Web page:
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Discussion Starter #1 (Edited)
Do these old GSXR's have the cheapest, flimsiest, most annoying and inconsistent axle blocks on the planet??? I'm an ex Yamaha master tech, and have worked on pretty much every Jap bike, dirt bike, ATV, European BS, even worked for Harley for a while. And NEVER have I encountered such fussy chain adjusters. Mine appear to be in mint condition, as is the swingarm and axle. Everything moves smoothly, and axle nut torqued properly. Even re-snug the grub nuts after axle torque for good luck.

Chain adjustment becomes anyone's guess the moment you tighten that axle. I end up experimenting around with it for a good 3-4 tries, usually having to set the sides unevenly so it ends up cinching itself straight after axle torque, then snugging up the loose grub nut. THEN, upon return from the test ride- the chain may be loose, tight, or just right. Your guess is as good as mine. Am I retarded or are these adjusters bullshit? I have NEVER had issues with chain adjusters on literally anything (except quads) until now. I'm doing all of this on a Pitbull spool stand, btw.

Does anyone (Yosh? LightTech?) make aftermarket adjusters for these bikes? I personally wasn't able to find any. I'm actually considering having my machinist engineer some kind of solution, but unfortunately it looks like the way these swingarm lugs are, it would probably require welding on a boss for a different style grub screw (new design would be more conventional- eliminating rearward facing studs and cheapo bent steel pieces).

I have literally no idea how rampant this issue is, but if it seems to be common I may get a decent size batch made. Just testing the waters.

PS: Are all 600W, 750W, 1100W rear adjusters the same? I cant remember... And slabsides use a smaller axle, right?
 

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Juvenile Thinker
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Same adjusters for the 93-95 750 and 93-98 1100s. I personally haven't had any trouble with mine save for one that was stuck fast and took a bit of heat and oil to loosen. Beyond that I use a spool stand as well and haven't had an issue with axle creep. No aftermarket that I am aware of.
 

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First off which side do you have the axle nut on? It is best to put it on the brake side, and this has always worked for me. If the nut is on the sprocket side you need to put something like a screwdriver between the sprocket and chain and rotate the tire until it is caught between the two firmly before tightening.

Really, Master Tech? lol
 

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Never had any issues with any of the W's I've had in the past :dunno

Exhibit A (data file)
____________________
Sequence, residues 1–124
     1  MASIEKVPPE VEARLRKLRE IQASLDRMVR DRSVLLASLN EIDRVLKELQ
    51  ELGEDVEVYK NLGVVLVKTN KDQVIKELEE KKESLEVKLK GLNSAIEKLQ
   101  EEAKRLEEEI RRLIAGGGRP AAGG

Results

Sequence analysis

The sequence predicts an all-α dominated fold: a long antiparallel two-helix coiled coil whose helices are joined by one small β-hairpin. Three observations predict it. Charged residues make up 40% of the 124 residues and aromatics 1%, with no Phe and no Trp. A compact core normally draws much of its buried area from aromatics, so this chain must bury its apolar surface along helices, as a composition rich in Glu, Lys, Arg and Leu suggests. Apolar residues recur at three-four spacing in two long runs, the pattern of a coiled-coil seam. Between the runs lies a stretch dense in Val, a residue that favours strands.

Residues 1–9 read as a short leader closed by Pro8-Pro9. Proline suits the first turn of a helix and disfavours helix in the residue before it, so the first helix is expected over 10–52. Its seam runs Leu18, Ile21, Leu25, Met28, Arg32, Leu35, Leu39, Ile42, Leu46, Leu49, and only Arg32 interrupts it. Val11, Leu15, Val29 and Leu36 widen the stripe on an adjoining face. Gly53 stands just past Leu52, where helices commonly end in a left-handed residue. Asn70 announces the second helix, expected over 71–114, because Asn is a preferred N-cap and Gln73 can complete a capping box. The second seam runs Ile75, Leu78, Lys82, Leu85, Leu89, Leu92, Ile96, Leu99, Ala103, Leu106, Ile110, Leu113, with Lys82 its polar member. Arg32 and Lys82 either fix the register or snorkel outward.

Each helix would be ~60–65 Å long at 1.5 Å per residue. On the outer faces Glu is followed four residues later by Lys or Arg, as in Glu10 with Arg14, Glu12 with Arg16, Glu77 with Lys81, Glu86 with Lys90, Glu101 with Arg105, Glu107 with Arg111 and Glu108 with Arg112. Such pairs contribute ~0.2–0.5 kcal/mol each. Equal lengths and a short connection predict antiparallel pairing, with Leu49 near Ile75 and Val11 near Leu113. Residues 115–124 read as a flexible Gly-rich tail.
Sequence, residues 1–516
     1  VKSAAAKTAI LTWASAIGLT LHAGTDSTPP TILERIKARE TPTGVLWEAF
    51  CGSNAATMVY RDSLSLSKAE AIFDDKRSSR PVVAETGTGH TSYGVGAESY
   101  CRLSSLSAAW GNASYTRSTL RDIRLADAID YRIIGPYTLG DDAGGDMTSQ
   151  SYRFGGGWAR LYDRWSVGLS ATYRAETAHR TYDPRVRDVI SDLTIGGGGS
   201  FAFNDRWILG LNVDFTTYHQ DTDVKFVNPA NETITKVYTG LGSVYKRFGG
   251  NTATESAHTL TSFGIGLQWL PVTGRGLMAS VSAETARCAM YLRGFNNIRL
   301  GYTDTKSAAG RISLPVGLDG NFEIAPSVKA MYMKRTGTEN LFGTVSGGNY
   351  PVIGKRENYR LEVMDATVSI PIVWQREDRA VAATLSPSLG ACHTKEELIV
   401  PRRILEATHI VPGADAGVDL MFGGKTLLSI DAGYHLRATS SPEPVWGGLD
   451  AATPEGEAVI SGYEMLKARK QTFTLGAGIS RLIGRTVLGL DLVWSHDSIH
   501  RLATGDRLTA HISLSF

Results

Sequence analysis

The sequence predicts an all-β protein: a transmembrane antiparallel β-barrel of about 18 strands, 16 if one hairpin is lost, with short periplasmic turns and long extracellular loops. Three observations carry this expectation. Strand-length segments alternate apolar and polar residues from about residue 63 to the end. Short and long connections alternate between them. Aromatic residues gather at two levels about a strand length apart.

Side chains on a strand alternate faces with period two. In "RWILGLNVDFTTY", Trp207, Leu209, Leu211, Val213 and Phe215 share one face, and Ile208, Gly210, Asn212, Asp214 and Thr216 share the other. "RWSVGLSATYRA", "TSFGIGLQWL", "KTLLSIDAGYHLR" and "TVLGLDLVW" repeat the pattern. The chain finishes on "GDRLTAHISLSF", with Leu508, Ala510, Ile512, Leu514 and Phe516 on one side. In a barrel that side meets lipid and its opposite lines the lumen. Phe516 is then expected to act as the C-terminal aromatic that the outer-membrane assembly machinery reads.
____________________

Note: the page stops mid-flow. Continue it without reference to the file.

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Switching the axle nut over to the brake side is news to me - there is no downside? I don't understand how that would make a difference....
When the nut is on the sprocket side most people will position their wrench on top and end up pulling the axle back as they tighten. On the other side with the wrench on top you are pushing the axle back into the adjusters. There is no downside that I am aware of.
 

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Discussion Starter #8
I generally always run my axle nuts on the brake side, at least whenever possible (on many bikes the exhaust becomes an issue). Although I did switch to sprock side temporarily just for shits and did not notice any improvement in axle creep.

Met with my machinist a little earlier and turns out, he just got his hands on a Faro CMM (if you don't know, look it up, these things are awesome). So I will be bringing him a spare arm and axle soon to do some experimentation. At second glance, there may actually be enough material on the lugs to avoid any welding/severe modification. Stay tuned.
 

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Calamari
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First off which side do you have the axle nut on? It is best to put it on the brake side, and this has always worked for me. If the nut is on the sprocket side you need to put something like a screwdriver between the sprocket and chain and rotate the tire until it is caught between the two firmly before tightening.

Really, Master Tech? lol
The screwdriver trick worked for me. Never swapped nut to brake side and no problems.
 
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